I couldn't disagree more with this. I use what is IMO the gold standard for IDEs now - IntelliJ. One of its most undersold features is online static analysis. I've spent a lot of time working with Java and I actually study the language to a pretty deep level, but it still catches many, many bugs from stupid (== instead of equals) to very subtle (errors in initialisation order in the presence of overloading, synchronisation issues etc). I've actually learnt a lot about the language by using the tool.
I also can't speak highly enough about quickfixes. The ide presents me with a problem, and then makes it very easy to fix without having to think about all the crappy mechanics of doing so. If it's a common issue I can fix it all through my file, or all through my project. What is really amazing about this (as well as all the syntax-aware editing functionality) is that once you're good at it, you're no longer editing text, you're directly manipulating the AST at a very semantic level - and not just of a single file, but of your whole project. At the risk of gushing a little, this raised level of editing really contributes to my joy of programming because I'm actually directly manipulating turning my mental design into code. I would like to humbly suggest that people who say that you only need this functionality with crippled languages really don't know what they're missing out on.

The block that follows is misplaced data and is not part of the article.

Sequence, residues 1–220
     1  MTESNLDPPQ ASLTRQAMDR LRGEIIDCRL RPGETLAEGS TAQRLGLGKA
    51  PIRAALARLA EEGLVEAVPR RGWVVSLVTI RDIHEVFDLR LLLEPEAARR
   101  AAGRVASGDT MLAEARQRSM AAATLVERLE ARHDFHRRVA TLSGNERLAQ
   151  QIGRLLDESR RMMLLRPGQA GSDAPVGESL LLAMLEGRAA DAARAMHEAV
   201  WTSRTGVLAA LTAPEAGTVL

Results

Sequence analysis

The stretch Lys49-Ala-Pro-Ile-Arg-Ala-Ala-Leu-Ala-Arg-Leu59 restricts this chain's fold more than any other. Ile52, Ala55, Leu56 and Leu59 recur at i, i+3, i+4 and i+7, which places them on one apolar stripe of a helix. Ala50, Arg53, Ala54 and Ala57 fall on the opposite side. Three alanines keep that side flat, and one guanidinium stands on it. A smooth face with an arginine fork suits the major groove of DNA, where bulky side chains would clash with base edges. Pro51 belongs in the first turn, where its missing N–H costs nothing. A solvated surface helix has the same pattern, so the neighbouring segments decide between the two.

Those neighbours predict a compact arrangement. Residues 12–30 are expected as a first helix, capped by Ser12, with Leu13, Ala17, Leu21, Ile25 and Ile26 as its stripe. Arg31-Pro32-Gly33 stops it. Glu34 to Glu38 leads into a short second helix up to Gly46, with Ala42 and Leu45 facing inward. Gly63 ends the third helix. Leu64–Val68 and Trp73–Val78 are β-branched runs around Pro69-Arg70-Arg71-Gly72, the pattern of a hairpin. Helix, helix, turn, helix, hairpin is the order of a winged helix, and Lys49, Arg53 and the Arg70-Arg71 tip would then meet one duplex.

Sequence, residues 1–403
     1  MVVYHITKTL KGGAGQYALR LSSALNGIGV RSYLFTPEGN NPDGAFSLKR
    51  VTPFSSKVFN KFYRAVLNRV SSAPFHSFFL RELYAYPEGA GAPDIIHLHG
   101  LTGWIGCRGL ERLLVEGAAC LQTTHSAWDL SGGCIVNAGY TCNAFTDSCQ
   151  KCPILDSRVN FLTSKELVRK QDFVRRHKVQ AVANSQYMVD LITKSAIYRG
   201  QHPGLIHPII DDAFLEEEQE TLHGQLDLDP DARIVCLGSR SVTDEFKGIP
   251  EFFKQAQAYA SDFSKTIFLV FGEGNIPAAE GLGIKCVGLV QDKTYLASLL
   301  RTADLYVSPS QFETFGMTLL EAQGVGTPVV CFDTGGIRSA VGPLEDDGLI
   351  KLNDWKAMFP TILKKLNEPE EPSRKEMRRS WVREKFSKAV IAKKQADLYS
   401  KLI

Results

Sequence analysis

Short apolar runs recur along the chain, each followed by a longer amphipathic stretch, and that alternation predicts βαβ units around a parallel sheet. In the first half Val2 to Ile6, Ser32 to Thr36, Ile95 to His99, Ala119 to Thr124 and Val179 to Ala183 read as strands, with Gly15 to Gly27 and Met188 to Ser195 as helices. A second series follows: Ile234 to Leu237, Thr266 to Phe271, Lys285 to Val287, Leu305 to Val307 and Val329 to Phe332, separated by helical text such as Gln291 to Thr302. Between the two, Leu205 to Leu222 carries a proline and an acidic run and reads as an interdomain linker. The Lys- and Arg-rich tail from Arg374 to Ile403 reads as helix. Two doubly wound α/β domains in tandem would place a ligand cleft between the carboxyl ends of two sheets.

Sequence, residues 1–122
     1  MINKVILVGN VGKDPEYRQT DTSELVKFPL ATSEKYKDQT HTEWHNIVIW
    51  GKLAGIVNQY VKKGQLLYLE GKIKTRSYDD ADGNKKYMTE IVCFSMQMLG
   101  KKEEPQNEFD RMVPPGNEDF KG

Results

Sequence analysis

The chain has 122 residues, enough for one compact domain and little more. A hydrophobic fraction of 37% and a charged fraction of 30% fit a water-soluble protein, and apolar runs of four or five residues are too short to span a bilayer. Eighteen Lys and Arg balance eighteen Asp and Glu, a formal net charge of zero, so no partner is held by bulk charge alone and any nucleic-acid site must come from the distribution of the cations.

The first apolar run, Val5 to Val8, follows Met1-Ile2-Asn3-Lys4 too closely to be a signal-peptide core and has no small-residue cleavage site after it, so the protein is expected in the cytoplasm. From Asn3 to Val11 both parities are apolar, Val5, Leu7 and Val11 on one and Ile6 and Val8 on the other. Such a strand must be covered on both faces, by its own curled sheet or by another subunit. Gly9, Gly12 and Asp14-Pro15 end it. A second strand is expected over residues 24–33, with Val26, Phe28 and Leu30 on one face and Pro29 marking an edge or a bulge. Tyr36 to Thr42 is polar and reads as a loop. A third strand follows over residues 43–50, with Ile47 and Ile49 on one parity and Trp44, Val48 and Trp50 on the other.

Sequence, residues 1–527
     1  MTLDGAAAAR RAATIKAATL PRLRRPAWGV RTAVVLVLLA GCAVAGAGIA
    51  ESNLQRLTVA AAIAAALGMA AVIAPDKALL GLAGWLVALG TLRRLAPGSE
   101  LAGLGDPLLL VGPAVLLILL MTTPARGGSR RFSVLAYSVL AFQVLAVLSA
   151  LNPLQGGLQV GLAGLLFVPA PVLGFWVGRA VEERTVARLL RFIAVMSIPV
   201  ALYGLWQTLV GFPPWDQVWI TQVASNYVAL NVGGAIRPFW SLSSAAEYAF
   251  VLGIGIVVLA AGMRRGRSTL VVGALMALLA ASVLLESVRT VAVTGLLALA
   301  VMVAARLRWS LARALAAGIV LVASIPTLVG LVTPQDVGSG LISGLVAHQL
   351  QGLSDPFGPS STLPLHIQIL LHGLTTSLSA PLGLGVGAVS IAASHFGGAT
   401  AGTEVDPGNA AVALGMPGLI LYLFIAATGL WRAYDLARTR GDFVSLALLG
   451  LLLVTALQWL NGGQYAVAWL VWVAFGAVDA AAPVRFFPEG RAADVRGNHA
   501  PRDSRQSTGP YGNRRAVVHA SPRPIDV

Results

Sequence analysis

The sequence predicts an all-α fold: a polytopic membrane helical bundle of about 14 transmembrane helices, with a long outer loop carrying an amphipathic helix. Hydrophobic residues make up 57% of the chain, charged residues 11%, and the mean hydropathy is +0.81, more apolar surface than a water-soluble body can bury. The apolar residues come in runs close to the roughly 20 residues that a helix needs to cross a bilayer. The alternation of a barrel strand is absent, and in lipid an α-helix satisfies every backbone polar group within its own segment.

Has this removed my ability to program Java in, say, Textmate or vi? No, although I'd have to re-learn so many basic, low level manipulation tasks that there's no way I could stand it. It doesn't remove my ability to develop using these editors, it removes my desire to.